IDF opens 2nd course to train population liaison officers

Week-long course aimed at helping Israel minimize harm to civilians during future operations in the Gaza Strip and Lebanon.

April 4, 2011 07:00
1 minute read.
IDF Soldiers

IDF Soldiers 311 (R). (photo credit: REUTERS)


Dear Reader,
As you can imagine, more people are reading The Jerusalem Post than ever before. Nevertheless, traditional business models are no longer sustainable and high-quality publications, like ours, are being forced to look for new ways to keep going. Unlike many other news organizations, we have not put up a paywall. We want to keep our journalism open and accessible and be able to keep providing you with news and analysis from the frontlines of Israel, the Middle East and the Jewish World.

As one of our loyal readers, we ask you to be our partner.

For $5 a month you will receive access to the following:

  • A user experience almost completely free of ads
  • Access to our Premium Section
  • Content from the award-winning Jerusalem Report and our monthly magazine to learn Hebrew - Ivrit
  • A brand new ePaper featuring the daily newspaper as it appears in print in Israel

Help us grow and continue telling Israel’s story to the world.

Thank you,

Ronit Hasin-Hochman, CEO, Jerusalem Post Group
Yaakov Katz, Editor-in-Chief


As Israel continued Sunday to call on the United Nations to cancel the Goldstone Report, the IDF opened the second course for a new military post that has been established within combat brigades and battalions and is aimed at helping Israel minimize harm to civilians during future operations in the Gaza Strip and Lebanon.

Called population liaison officer, the post is filled by reservists with the rank of captain or major.

The week-long course is being held at the Coordinator of Government Activities in the Territories (COGAT) school inside the Tzrifin Base near Rishon Lezion.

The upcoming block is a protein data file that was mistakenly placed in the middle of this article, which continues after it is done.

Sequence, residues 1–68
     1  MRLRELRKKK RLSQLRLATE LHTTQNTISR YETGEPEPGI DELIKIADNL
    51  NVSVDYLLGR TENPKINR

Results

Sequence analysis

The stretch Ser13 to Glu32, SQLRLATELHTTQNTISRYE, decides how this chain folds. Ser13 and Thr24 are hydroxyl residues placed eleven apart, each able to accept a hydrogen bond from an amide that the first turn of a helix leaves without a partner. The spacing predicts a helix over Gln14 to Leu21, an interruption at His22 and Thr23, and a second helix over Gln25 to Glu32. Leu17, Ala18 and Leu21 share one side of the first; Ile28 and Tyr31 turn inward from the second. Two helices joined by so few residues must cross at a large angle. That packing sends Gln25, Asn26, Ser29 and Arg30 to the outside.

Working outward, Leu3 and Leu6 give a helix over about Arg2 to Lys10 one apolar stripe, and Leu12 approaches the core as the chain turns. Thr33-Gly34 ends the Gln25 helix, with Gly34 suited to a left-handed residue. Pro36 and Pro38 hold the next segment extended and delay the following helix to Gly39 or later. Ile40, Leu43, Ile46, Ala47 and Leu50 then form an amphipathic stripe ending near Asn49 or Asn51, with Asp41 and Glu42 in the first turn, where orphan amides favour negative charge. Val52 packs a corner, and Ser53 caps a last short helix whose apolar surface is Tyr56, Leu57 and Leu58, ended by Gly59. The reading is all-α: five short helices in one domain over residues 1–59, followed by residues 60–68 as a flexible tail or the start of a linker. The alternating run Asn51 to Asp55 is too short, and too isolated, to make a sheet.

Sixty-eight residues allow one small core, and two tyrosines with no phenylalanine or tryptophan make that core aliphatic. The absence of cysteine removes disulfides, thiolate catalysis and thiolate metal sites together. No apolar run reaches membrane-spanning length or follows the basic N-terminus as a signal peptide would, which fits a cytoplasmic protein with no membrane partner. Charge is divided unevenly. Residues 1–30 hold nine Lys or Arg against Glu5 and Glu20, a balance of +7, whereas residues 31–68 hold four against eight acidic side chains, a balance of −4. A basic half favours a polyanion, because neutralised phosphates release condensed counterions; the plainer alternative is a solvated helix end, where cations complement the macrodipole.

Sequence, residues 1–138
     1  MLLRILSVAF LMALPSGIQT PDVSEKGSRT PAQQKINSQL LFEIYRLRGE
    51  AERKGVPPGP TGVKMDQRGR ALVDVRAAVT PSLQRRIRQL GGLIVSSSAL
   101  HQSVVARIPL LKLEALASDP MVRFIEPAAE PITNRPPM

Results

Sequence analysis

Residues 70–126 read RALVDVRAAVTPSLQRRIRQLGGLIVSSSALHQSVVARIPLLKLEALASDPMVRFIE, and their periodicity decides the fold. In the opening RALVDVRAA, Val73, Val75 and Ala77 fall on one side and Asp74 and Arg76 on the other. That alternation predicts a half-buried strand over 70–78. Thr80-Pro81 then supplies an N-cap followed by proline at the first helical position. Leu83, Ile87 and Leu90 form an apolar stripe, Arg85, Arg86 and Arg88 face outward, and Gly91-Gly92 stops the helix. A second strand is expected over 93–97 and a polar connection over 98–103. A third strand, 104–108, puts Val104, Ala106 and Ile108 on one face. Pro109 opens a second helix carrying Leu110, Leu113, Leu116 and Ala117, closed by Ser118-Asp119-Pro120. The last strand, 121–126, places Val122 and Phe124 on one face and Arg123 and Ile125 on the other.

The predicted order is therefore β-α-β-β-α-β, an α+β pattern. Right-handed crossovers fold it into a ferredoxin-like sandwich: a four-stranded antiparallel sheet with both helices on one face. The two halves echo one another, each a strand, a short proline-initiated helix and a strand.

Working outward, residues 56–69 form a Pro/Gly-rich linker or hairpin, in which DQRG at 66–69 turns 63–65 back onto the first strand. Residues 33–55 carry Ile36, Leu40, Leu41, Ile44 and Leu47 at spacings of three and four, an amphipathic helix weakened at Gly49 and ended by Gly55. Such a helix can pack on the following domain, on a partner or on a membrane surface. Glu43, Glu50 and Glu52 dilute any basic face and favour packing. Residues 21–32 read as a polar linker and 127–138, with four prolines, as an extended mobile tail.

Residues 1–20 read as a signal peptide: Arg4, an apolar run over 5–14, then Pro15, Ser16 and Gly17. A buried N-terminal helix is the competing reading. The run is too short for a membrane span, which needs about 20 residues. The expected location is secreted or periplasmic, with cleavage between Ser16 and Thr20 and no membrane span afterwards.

The timing of the opening of the second course coincided with Judge Richard Goldstone’s announcement in a Washington Post oped over the weekend that he no longer believed that Israel had intentionally targeted civilians during Operation Cast Lead in the Gaza Strip in 2009.

The first course was held in October. During the course, officers are trained to recognize situations that could potentially cause damage to civilians and civilian infrastructure in a combat zone.

In October, commander of the COGAT school, Lt.-Col. Hatib Mansour told The Jerusalem Post that if such officers had been deployed inside IDF battalions during Operation Cast Lead two years ago, it was possible that the criticism against Israel would not have been as severe.

“If there would have been officers like these in the battalions I cannot say that there would not have been a Goldstone Report but it would have spared some of the problems and minimized the damage to Israel afterwards,” he said at the time.

In addition to establishing a new position, the IDF has also instituted new doctrinal changes for ground forces, creating new rules of engagement for the way soldiers should operate when entering populated areas in a future operation.

One example are new plans that have been drawn up by the IDF on how to evacuate entire Palestinian villages and refugee camps from areas of conflict in the event of a future Israeli incursion into Gaza.

The new plans draw on some of the experiences from Cast Lead, and were drawn up as part of an IDF attempt to prevent large-scale damage to civilian infrastructure in a future operation.

Join Jerusalem Post Premium Plus now for just $5 and upgrade your experience with an ads-free website and exclusive content. Click here>>

Related Content

idf hebron
August 22, 2014
Palestinians throw Molotov cocktail at IDF checkpoint in Hebron


Cookie Settings